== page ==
The chef for this week was Shimels Damtew, owner of Shimel's Ethiopian Cuisine, a pop-up food stand, came and cooked some delicious beef tips, bean/carrot saute, and greens with us. I wish I knew how to describe this with more detail, but I do know that the food was amazing!
Thursday and Friday, we planted potatoes for four hours. It was a lot of potato planting but my crew had a lot of help from other crews so we got three rows done and after that, we stood and marveled at how quickly and efficiently something can get done if you have ten kids all setting their minds to it.
Written by Vicky, Summer 2014 Crew Leader, and Joseph.
Week 2: 7/7-7/11
We started off the week strong by splitting into four smaller crews that we will continue to work with for the remainder of the summer. We worked on many tasks such as staking, trellising tomatoes, seeding, mulching pathways and of course WEEDING. It was lovely watching the crews work together and start to get to know one another as individuals rather than just faces in the crowd.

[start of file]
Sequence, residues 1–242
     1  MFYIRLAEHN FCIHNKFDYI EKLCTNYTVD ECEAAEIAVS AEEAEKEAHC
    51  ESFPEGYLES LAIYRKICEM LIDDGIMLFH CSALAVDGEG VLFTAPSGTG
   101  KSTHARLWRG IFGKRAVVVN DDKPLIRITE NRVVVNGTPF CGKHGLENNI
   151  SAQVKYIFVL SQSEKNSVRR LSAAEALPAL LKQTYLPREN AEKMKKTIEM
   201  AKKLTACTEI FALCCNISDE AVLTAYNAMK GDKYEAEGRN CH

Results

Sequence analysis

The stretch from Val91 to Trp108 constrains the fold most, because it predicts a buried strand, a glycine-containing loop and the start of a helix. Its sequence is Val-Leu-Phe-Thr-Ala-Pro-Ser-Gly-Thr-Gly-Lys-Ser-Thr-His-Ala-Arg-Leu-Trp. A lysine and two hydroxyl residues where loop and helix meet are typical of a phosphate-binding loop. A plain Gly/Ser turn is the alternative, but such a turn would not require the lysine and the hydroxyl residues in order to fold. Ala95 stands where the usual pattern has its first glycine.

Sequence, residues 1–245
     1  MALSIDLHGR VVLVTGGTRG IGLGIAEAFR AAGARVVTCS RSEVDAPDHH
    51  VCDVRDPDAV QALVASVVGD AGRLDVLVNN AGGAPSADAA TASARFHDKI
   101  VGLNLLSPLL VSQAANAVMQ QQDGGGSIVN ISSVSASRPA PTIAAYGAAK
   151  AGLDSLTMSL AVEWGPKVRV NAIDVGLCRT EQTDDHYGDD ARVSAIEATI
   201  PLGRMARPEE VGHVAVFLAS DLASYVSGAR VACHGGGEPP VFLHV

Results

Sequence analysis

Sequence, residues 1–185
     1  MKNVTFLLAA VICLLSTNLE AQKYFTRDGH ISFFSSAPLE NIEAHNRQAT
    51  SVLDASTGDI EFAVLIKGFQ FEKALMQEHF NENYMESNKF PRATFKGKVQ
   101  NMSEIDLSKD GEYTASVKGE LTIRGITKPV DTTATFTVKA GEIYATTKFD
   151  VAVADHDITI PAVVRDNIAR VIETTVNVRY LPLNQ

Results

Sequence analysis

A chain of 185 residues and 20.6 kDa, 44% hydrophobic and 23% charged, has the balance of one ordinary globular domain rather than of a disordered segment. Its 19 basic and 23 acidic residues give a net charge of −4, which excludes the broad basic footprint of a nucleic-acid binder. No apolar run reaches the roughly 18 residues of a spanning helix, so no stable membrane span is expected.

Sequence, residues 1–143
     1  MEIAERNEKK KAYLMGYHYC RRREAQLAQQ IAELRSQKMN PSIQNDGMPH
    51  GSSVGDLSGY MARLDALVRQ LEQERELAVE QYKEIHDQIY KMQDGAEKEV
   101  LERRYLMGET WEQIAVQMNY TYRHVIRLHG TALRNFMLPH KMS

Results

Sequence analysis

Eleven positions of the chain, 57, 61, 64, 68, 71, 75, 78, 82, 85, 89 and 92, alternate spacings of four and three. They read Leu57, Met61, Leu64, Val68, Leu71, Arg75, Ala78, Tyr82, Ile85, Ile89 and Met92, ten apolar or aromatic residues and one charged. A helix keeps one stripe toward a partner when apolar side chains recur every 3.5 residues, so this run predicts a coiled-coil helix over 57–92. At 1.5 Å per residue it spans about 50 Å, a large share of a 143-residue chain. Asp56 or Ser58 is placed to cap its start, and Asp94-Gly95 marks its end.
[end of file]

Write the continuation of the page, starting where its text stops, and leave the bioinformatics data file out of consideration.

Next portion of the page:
On Wednesday we spent the day at LACS in our first development session of the summer. We worked in crews to break down the process behind one item of food. By doing this we discovered just how convoluted our food system is and the fact that most of the time we (the consumer) aren’t even aware of where our food comes from.
We were lucky enough to have a guest speaker: Jhakeem Haltom, founder and manager of Congo Square Market, who gave a new, eye opening perspective on what it means to live in modern society. He captivated the room and held our attention throughout with his views on the modern day slave saying that “the worst kind of slave is the one who does not know that they are a slave.” By the end nobody knew what to say- still reeling from the power of his statements and the questions that he posed.
In addition to Jhakeem, we had the opportunity to work with Frank Purrazzi to build an unforgettable lunch menu. We made homemade ramen with greens, eggs, and some delicious kimchi with fresh ingredients from the farm. It was an excellent development session that left everyone thinking about some really important issues that effect us all whether we are aware or not.